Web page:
To Egypt-- 


THOUGH Nazareth of Galilee was the home of Joseph and Mary, yet in obedience to the decree of the Roman emperor that every one should go to his native city to have his name enrolled, they went to Bethlehem; and here Jesus was born, according to the prophecy, made so many years before, that the Saviour of the world should be born in Bethlehem of Judea.

The journey from Nazareth to Bethlehem was then a very pleasant one; and it is easy to imagine the route that Joseph and Mary would take. In that country things are so little changed by the passing of years, that the very roads have, in most cases, remained the same as they were eighteen hundred years ago. By their way of traveling in those days, the journey must have occupied three or four days.  Passing down the little valley of Nazareth, they would cross the rich plain of Esdraelon, not then, as now, left untilled and almost unpeopled, but covered with cities and villages, full of life and activity. 

Leaving on the left the rounded heights of Mount Tabor and the villages of Nain and Endor, up among the hills, they would be likely to take the road directly south to Jezreel, which was situated on a gentle swell of the plain of Esdraelon. This had been a favorite residence of Ahab, king of Israel.

They would pass through a landscape varied by orchards, vineyards, gardens, and fields; for every available spot was cultivated, even to the very tops of the hills. The mountains of Gilboa, where Saul and Jonathan were slain, lay just east of Jezreel, as they went on; and then came Engannim (the modern Jeimi), with its remarkable fountain, on the edge of the hill-country of Samaria. Dothan, with its rich pastures, where Joseph, the son of Jacob, had found his brethren with their flocks so many ages before, would soon be seen on their right; and before long, their winding road, rising and falling among continuous hills, would bring them to Samaria itself, then just rebuilt by Herod the Great.  Sychar, in the valley of Shechem, would come next in their way, as they journeyed down this beautiful valley. Here would likely be a resting-place, perhaps by the well of their father Jacob, by which, in after years, Jesus sat and talked with the woman of Samaria, teaching to all mankind that grand lesson of human equality, and uttering those sublime words which can never grow old: "God is a spirit, and they that worship him must worship him in spirit and in truth." 

From this place they would take the great road leading southward into Judea, by Shiloh, where Hannah came to pray before the Lord, when the tabernacle was there; and on past Gilgal, where her son sat to judge Israel. The road led on by Bethel, where, of old, Jacob had slept on his pillow of stone; and at last they would come to Jerusalem, the Holy City; and here we may imagine they would rest awhile, perhaps over night, before going on to the end of their journey. It was to Bethlehem that Joseph and Mary were coming, the town of Ruth and Boaz, and the early home of king David, from whom Joseph and Mary were descended. The village lay about six miles south of Jerusalem, a little to the east of the main road to Hebron.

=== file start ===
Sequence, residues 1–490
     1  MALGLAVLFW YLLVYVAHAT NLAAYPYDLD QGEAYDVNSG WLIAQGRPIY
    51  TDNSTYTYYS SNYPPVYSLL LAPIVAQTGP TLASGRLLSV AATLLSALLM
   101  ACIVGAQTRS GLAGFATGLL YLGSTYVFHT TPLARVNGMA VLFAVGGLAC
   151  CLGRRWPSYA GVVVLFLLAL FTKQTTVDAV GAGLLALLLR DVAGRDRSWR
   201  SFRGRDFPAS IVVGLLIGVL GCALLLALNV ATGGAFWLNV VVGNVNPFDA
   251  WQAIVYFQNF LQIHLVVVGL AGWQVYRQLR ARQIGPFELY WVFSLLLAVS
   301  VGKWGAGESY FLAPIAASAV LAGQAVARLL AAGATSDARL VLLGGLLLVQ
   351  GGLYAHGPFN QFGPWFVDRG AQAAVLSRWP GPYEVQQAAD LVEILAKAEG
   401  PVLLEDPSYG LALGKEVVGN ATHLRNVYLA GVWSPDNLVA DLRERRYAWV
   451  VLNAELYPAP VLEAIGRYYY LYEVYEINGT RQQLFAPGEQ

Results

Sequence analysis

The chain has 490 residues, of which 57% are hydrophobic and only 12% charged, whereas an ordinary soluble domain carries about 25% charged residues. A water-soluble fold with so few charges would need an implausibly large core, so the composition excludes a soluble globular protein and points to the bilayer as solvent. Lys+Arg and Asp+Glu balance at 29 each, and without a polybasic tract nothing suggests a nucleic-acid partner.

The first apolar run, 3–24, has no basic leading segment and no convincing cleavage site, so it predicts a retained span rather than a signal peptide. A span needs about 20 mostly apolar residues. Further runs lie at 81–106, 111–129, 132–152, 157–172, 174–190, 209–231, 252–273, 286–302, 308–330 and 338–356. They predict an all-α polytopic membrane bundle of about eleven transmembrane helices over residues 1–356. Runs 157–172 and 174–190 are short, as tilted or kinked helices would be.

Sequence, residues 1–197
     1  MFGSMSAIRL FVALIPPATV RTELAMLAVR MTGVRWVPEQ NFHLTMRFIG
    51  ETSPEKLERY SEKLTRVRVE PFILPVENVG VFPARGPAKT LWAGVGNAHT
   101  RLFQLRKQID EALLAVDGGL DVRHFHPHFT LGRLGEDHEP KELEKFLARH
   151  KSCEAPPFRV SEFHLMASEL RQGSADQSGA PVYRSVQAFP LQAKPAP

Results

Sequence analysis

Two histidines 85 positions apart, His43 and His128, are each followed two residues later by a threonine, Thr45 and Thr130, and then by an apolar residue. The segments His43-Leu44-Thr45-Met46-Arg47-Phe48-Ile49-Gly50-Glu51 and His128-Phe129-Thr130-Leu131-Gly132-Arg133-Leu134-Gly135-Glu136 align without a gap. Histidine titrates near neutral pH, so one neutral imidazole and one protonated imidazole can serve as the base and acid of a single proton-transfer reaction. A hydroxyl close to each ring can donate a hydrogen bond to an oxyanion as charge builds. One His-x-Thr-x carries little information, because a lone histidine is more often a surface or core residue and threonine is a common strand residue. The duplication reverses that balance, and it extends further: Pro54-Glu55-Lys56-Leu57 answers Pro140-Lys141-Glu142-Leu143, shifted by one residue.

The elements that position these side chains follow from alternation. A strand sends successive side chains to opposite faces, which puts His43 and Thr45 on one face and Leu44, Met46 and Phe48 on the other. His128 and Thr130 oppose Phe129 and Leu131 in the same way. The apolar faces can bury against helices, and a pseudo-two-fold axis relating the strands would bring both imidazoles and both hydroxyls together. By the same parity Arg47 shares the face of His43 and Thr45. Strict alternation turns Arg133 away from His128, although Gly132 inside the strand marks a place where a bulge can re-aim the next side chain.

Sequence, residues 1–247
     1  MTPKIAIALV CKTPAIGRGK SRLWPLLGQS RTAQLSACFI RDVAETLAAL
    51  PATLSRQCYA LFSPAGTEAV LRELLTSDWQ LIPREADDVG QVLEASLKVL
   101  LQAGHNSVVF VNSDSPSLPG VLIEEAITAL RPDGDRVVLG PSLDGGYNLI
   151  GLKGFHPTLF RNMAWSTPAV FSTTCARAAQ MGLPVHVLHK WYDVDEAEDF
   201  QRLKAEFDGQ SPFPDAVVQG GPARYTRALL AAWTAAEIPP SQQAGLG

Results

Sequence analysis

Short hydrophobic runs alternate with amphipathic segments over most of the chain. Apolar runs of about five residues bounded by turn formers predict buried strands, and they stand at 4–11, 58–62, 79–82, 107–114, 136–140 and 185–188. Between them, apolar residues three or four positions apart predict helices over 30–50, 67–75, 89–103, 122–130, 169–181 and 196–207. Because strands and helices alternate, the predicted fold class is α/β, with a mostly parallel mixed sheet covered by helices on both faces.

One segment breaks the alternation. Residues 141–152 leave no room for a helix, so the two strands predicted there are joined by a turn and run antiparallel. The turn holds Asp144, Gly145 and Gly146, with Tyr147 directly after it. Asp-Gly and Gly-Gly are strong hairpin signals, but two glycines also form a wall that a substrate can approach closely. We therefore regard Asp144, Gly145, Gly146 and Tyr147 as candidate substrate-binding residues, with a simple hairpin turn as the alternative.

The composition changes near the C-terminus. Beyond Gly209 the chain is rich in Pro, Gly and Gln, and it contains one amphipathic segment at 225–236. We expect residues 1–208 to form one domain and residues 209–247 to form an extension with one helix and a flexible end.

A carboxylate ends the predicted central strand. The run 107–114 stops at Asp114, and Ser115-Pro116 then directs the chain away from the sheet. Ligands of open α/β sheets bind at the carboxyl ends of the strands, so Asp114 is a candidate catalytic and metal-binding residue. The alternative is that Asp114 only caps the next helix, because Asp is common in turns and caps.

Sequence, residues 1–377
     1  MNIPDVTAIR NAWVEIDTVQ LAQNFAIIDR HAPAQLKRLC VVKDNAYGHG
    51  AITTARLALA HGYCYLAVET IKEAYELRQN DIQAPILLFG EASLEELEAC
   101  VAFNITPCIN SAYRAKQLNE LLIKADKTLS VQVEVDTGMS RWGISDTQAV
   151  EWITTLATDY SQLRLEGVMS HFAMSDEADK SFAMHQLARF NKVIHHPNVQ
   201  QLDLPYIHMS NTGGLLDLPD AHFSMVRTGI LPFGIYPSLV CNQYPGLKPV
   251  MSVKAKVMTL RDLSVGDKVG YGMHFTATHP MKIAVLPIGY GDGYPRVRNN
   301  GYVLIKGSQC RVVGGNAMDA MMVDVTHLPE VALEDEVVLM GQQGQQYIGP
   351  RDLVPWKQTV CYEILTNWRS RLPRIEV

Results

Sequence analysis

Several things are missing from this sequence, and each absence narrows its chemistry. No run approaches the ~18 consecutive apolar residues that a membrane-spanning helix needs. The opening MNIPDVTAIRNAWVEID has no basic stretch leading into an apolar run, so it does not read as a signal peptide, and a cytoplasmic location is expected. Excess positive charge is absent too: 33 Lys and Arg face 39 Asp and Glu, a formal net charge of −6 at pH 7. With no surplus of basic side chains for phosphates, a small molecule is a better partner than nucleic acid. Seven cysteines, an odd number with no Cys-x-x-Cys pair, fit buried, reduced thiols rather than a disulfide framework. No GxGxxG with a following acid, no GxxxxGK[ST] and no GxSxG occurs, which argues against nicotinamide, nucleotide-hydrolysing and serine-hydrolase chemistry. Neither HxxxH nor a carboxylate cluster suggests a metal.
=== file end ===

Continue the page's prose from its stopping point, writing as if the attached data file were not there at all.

As they approached the little town from Jerusalem, they would pass, during the last mile, that place sacred to Jewish memory, where the light of Jacob's life went out, when his loved Rachel died and was buried "in the way to Ephrath which is Bethlehem." It being a time when so many were coming home to Bethlehem, the inns were crowded so full that the weary travelers were obliged to put up with very humble accommodations. Just how long they staid in Bethlehem we do not know; but here Jesus passed the first two or three months of his earthly life, and here the wise men from the East visited him.

Finally, to escape the wrath of Herod, Joseph took the young child and his mother and fled into Egypt, where they were beyond the control of Herod; and there they remained until those that sought the young child's life were dead. Just how long this was, no one knows certainly. 

There are different opinions in regard to the length of time they remained in Egypt; but it is generally supposed to have been somewhere about six months perhaps longer. The kindness of Alexander the Great and the Ptolemies to the Jews had caused great numbers of them to settle in Egypt, so Joseph and Mary would be likely to find there those of their own nation, who would gladly welcome them. 

But Egypt was not the place where the child Jesus was to grow up, so when they heard that Herod was dead, Joseph and Mary returned to Nazareth. But fearing the cruel Archelaus, the son of Herod, they did not pass through Judea, but "turned aside" and went into Galilee, probably journeying along the coast, through the level country of the Philistines and across the fertile plain of Sharon. 

Here they would be stopped by the Carmel range; but near Megiddo was a pass through the mountains, the same which the good king Josiah had, at the cost of his own life, so bravely defended against Pharaohnecho, king of Egypt, who was passing through the country on his way to fight against the king of Assyria. Through this defile the travelers might pass, and go on, without farther hindrance, to their own city, Nazareth. 

E. B.